theoretical predictions. The computations pay particular attention to the
motion of edges and the development of edges on the surface as the
erosion proceeds. The thesis discussed secondary effects and examines
the problems generated by erosion In microelectronic device manufacture.
A line segment algorithm is also devised and programmed and
applied to the modelling of ion reflection.
Finally. a binary collision algorithm Is presented written recursively In
Algol 68 in order to describe the sputtering process In terms of Individual
events. The computed sputtering yields are then used in the simulations of
surface erosion described previously.
Description: A Doctoral Thesis. Submitted in partial fulfilment of the requirements for the award of Doctor of Philosophy of Loughborough University. This thesis is closed access for copyright reasons as it comprises of published articles.1987-01-01T00:00:00ZSimulating radiation damage in plutoniumRobinson, Marchttps://dspace.lboro.ac.uk/2134/62542014-06-17T09:58:07Z2010-01-01T00:00:00ZTitle: Simulating radiation damage in plutonium
Authors: Robinson, Marc
Abstract: Modelling radiation effects has become an important area of research due to the continual advances in nuclear technology. Plutonium, as a radioactive source, undergoes continual atomic level radiation events which over time change the mechanical properties and structural integrity of the material. Studying how damage accumulates and evolves is key to gaining an understanding of the ageing processes and the radiation tolerance of plutonium. This thesis presents ﬁndings based upon computer simulation using classical molecular dynamics (MD). This, combined with long time scale dynamics (LTSD) techniques enable low level investigations of collision cascades and studies of point defect diﬀusion. Using the Modiﬁed Embedded Atom Method (MEAM) to govern atomic interactions, pure δ-Pu, Ga stabilised δ-Pu and Pu-Ga-He systems were studied. The ballistic stages of the radiation event were found to be similar for both pure Pu and Ga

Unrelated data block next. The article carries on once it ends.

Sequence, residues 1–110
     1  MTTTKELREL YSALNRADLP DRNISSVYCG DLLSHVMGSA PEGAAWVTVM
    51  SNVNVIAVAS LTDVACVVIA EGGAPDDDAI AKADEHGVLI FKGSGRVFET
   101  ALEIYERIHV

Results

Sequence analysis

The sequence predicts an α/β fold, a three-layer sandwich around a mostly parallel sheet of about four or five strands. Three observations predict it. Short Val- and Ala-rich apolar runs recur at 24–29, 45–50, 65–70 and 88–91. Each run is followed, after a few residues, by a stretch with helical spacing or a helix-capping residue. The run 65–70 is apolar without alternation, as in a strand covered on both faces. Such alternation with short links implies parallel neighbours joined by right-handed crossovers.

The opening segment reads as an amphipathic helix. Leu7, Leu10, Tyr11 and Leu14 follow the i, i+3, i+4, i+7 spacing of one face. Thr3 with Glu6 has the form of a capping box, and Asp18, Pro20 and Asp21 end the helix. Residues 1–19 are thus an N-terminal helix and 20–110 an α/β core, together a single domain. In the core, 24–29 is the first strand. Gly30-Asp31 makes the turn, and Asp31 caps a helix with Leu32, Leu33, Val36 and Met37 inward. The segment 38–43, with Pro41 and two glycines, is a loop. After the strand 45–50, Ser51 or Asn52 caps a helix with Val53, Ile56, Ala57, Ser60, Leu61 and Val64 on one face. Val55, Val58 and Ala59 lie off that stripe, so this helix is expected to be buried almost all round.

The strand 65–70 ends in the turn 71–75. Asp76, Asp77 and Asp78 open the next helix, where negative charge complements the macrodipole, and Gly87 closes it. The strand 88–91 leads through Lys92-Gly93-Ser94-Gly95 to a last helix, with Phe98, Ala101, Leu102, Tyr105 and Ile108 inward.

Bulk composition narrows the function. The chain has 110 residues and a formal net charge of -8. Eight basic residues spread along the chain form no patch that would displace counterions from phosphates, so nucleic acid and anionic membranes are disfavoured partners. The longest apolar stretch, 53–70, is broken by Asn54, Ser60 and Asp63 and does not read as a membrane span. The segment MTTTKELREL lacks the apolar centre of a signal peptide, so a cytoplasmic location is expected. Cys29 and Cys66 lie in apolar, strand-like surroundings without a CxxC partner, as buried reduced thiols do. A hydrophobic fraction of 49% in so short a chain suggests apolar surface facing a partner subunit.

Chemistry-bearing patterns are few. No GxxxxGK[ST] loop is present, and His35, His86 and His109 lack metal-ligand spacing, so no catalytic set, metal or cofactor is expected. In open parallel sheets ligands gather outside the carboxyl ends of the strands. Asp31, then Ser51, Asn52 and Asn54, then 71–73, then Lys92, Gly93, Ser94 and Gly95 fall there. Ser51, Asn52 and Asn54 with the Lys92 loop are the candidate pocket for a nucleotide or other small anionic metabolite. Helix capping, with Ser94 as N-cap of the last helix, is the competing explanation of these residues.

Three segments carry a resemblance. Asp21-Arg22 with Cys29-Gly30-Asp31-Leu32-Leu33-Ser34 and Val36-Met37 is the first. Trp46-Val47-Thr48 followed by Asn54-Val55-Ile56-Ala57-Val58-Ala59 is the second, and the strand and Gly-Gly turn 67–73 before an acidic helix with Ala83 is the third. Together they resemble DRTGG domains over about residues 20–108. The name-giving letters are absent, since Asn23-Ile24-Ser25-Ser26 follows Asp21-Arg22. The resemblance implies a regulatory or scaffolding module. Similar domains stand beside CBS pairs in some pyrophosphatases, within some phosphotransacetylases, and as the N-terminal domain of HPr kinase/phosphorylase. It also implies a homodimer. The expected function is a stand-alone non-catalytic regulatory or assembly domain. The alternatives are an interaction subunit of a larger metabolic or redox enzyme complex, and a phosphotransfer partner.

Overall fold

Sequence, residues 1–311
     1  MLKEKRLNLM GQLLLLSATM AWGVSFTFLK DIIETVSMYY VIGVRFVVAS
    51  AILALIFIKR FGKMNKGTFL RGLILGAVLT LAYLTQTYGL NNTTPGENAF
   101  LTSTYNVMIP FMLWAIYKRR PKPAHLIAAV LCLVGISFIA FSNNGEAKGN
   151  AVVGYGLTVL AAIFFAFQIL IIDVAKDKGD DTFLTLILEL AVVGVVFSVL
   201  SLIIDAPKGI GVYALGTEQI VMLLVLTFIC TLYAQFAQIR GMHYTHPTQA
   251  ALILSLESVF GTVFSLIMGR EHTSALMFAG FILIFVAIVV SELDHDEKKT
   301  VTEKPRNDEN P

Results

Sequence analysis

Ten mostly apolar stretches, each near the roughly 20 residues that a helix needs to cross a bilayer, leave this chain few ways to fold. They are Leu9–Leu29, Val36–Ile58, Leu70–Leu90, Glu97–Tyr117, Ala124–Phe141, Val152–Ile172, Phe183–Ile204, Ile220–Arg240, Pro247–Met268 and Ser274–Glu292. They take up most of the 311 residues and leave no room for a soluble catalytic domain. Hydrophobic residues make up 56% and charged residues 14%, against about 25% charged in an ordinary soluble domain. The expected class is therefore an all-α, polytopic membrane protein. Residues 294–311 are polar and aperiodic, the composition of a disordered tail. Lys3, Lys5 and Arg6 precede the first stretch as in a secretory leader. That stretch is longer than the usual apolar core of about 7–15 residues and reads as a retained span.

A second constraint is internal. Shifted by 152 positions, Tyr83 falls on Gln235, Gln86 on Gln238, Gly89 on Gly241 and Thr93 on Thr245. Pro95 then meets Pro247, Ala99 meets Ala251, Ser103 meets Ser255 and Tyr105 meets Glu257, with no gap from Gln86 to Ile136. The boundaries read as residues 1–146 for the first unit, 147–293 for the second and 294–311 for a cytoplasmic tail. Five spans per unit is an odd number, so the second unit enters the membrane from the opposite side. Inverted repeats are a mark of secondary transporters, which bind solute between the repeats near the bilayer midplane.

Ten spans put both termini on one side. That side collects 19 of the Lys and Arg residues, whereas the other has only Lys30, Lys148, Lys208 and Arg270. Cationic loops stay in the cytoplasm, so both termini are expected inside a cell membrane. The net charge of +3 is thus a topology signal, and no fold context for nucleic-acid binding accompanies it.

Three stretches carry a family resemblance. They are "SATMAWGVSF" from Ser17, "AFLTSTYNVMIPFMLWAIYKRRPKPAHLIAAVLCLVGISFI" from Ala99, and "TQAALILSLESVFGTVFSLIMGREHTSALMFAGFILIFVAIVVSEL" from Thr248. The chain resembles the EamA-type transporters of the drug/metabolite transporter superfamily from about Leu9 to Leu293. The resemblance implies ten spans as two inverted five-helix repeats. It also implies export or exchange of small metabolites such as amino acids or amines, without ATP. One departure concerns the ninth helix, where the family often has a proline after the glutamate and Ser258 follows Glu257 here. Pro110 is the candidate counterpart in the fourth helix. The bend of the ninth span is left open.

stabilised Pu, with low impact energies producing a cascade structure comparable to other fcc metals. Isolated defects tended to be of type Pu, with displaced Ga atoms returning to lattice sites. A clear observation at high impact energies was the ease at which both Pu and Ga stabilised Pu amorphise, resulting in an increased recovery time. Over long time scales, calculations suggest dynamics will be dominated by interstitial diﬀusion, with vacancies more likely to migrate as clusters. Defect diﬀusion mechanisms were observed to avoid Ga-rich regions, with Ga atoms relatively immobile in the Pu matrix. Results suggest the inclusion of Ga does not effect defect production but strongly inﬂuences defect diffusion. Investigating the presence of He in Ga stabilised δ-Pu suggested He would tend to reside in a substitutional site and is then rendered immobile. Local vacancies induced He migration to a certain degree yet the mechanism for He diﬀusion which may lead to bubble growth is unclear. Calculations regarding a range of He bubble conﬁgurations indicated a 1:1 He:vacancy ratio concentration was favourable relative to isolated substitutional He atoms. Results also suggested there exists an additional stable bubble conﬁguration of around 2:1 He:vacancy ratio with a diameter of more than 1.2 nm. Studying the interaction of radiation damage with a local He bubble indicated that cascade structure can be greatly eﬀected, resulting in a signiﬁcant increase in the number of residual defects.
Description: This thesis is confidential. A Doctoral Thesis. Submitted in partial fulfilment of the requirements for the award of Doctor of Philosophy of Loughborough University.2010-01-01T00:00:00Z